Catholic Diocese of Spokane, Washington



From the

Official News Magazine of the Diocese of Spokane

Deacon Eric Meisfjord, Editor
P.O. Box 48, Spokane WA 99210
(509) 358-7340; FAX: (509) 358-7302


Spirituality:
The first of many

by Father Michael Savelesky, for the Inland Register

(From the May 18, 2006 edition of the Inland Register)

Father Michael Savelesky Like so many Catholic communities at this time of year, our parish recently celebrated the completion of Christian Initiation with many of our children in the sacraments of Confirmation/Eucharist. It was obvious that the Spirit received in fullness at their Baptism united them in Confirmation to a living community of faith.

As our children came forward with their parents and sponsors for their “first” Communion I could not help but be struck by the sense of awe and wonder on their faces. Indeed, they were conscious of receiving the Eucharist for the first time and were meeting the Risen Lord in this most special sacrament. But they also manifested a sense of finally belonging to the Church, no longer needing to pass through the Communion line to receive merely a blessing. The excitement of joining fully in the sharing of the Bread of Life and the Cup of Salvation was obvious in their bright eyes and happy faces. What had begun in their Baptism was now complete in the Eucharist. They now are responsible members of the Church.

Times like these evoke fond memories for us adults of that day when we made our First Communion. What, indeed, are our memories? Veils and flowers? A tie that choked painfully? Receiving Jesus! Fear of making a mistake? When asked this same question, today’s children seem to have different responses. Receiving Jesus, of course, remains at the top of the list, but so, too, are phrases like “belonging,” “sharing with the community” and “commitment to help others.” This is not just a matter of children who are well-versed in contemporary catechetical jargon. Their preparation has preserved the rich awareness of meeting Jesus, but it also has deepened their awareness of the significance of the Eucharist.

For a good number of us – especially “cradle” Catholics – First Communion was very much a private affair, even if we celebrated it as a class or group. Our vocabulary betrayed our points of emphasis: I made my First Communion. I received Jesus for myself, for the grace he gave me. Unfortunately, if this is our limited understanding of the Eucharist, then our behavior follows suit: Going to Mass becomes merely a means of getting my Communion for the day or for the week. Whether or not I participate in the Mass is relegated to mere personal preference. When we left Mass – and in those days we thought, though incorrectly, that we only had to stay until the priest made his Communion – it was largely to go about my private life.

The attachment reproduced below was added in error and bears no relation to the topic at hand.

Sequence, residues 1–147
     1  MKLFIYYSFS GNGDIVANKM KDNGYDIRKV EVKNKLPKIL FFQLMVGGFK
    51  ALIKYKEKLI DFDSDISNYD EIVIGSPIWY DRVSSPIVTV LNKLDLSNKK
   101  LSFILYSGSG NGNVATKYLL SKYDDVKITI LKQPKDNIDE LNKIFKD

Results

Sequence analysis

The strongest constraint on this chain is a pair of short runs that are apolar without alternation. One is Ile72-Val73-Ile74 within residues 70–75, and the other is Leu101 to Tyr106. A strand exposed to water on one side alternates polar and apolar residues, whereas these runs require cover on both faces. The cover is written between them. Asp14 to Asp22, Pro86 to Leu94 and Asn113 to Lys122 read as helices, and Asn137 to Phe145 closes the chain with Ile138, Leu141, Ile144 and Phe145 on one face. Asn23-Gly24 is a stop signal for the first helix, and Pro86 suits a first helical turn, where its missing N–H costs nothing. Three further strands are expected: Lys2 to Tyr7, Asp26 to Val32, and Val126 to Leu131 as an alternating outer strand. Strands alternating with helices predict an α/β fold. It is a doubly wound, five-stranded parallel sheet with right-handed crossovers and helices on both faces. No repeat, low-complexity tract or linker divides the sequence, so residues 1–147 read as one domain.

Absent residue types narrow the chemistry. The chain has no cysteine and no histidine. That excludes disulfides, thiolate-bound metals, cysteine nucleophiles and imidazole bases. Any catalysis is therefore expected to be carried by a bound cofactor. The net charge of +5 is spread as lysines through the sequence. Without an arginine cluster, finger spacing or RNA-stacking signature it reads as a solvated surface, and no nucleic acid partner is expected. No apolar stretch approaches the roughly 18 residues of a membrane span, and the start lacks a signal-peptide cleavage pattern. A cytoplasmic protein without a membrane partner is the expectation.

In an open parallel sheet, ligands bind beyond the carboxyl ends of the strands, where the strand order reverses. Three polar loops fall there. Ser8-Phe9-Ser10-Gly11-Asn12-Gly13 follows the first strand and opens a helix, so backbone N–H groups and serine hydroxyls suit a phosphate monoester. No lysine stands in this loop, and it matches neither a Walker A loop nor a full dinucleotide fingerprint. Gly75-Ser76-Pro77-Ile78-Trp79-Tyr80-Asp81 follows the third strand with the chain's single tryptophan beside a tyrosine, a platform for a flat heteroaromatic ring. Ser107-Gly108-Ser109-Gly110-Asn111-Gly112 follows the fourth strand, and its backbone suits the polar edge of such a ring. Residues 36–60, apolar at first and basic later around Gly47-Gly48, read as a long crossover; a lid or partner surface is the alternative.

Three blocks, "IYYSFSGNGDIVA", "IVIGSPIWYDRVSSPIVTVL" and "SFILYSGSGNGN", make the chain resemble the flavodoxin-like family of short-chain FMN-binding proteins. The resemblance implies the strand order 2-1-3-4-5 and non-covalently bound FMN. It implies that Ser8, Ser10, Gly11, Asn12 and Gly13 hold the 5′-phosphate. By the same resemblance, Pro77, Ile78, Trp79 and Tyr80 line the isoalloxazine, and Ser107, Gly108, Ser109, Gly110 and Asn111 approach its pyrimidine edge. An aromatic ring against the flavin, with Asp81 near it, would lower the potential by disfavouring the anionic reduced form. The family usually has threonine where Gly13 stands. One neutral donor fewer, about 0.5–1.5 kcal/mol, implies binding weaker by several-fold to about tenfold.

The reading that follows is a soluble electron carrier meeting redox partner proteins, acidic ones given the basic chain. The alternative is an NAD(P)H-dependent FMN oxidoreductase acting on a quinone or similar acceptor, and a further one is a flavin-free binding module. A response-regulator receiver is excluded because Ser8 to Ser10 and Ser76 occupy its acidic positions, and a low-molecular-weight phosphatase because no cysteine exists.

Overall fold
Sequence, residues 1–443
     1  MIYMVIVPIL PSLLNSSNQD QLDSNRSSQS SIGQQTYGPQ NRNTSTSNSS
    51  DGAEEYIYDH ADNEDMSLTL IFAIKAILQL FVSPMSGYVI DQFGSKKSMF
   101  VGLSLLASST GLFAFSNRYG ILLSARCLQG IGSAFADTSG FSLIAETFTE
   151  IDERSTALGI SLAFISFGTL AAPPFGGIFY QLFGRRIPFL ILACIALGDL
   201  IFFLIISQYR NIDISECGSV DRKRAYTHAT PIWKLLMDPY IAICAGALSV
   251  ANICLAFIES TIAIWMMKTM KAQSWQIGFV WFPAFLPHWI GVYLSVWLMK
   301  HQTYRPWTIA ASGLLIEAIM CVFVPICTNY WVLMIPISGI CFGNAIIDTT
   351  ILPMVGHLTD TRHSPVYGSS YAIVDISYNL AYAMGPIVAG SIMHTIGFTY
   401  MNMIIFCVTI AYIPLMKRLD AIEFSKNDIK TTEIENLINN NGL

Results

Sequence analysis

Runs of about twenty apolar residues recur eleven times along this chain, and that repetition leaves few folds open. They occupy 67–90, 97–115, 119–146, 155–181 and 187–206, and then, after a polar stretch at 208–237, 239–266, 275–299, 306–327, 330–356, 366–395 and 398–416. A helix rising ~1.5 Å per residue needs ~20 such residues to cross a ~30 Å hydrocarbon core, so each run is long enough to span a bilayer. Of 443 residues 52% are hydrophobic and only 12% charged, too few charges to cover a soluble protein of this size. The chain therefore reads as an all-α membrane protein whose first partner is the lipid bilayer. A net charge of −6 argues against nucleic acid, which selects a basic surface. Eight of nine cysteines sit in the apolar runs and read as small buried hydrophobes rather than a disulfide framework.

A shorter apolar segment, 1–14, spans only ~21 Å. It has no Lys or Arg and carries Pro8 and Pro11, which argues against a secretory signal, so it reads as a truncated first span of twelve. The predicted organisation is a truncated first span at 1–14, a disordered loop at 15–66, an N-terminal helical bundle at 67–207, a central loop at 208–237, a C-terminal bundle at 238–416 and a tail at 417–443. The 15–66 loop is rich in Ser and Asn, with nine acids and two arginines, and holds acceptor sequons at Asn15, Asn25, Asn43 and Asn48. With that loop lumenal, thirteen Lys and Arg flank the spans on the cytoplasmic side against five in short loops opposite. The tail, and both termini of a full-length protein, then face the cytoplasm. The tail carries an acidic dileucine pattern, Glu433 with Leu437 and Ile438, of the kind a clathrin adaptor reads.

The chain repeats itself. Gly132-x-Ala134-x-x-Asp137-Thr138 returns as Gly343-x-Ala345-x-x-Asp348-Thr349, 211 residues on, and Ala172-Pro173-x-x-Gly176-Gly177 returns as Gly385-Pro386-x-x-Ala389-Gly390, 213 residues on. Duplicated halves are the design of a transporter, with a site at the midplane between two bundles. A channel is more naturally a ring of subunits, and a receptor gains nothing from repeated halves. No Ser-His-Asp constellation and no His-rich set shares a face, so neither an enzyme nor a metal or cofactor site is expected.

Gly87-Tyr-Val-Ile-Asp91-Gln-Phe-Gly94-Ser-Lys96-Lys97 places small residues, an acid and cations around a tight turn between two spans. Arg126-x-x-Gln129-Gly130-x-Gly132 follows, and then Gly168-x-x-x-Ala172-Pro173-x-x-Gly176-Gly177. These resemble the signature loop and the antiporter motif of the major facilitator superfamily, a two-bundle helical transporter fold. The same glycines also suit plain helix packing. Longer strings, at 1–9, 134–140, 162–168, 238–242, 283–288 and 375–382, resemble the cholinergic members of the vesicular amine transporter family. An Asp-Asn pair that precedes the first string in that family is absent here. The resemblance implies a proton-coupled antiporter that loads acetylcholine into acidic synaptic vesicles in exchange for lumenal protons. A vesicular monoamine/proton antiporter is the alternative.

Perhaps this mentality also has led to a certain smorgasbord attitude regarding Sunday Mass and Eucharist which has developed in the Church in recent times: merely getting Mass in somewhere (if at all), shopping around for Mass or going where I feel comfortable. In all these forms, Eucharist is perceived as a private encounter between Jesus and me.

Eucharist essentially is identified with presence, community and covenant. The Last Supper which Jesus celebrated with his disciples – and which, as we have learned from childhood, is the institutional reference point for the Mass – was not an event performed by Jesus for the private benefit of his 12 best followers. Rooted in the ancient Jewish tradition of a grateful praise-meal (Passover), it was a celebration of a covenant as a special people who were united by God in the building of Kingdom. Sharing in the Eucharist without active participation and support of the work of the faith community where one lives and networks in other aspects of daily life is at least partially hypocritical.

When there are grave reasons that move us from one parish community to another, therefore, it is a matter which requires careful attention and consideration. The move requires not just a private, comfortable change in place for Mass, but an explicit and lasting commitment to another portion of God’s people. Likewise, hopping from one altar to another – or not going to Mass unless it’s convenient – is one’s public testimony to an immature understanding of Eucharist. Is God going to strike us with a lightening bolt for such behavior? No. Will we be thrown out of the Church? No. But do we suffer spiritually? Yes!

The thought strikes me that the many celebrations of Confirmation/First Eucharist we so thoroughly enjoy in our parishes these days is a special grace for the entire parish community. They give us an opportunity to renew our First Eucharist, as it were, and to learn a significant lesson in spirituality from our children. These celebrations are certainly an occasion to be challenged in our understanding of the Mass and our reception of Eucharist. If all we celebrate with these children is their “first” Communion, then all we are doing now as adults at Sunday Mass is receive Communion for the (fill in the blank)-nth time. Eucharist has everything to do with encounter with a living Lord whose Holy Spirit continues to unite us as a people, engaging us in the work of his Church, his community of faith. In the innocence and radical awe before the Eucharist witnessed by our children – and in their eagerness to embrace, belong and share – all of us are reminded anew that we privatize the Eucharist or neglect its moral consequences only to our own spiritual decline.

(Father Savelesky is pastor of Assumption Parish in Spokane. His book, Catholics Believe, is available from Harcourt Religion Publishers.) (Download an order form in pdf format to print)


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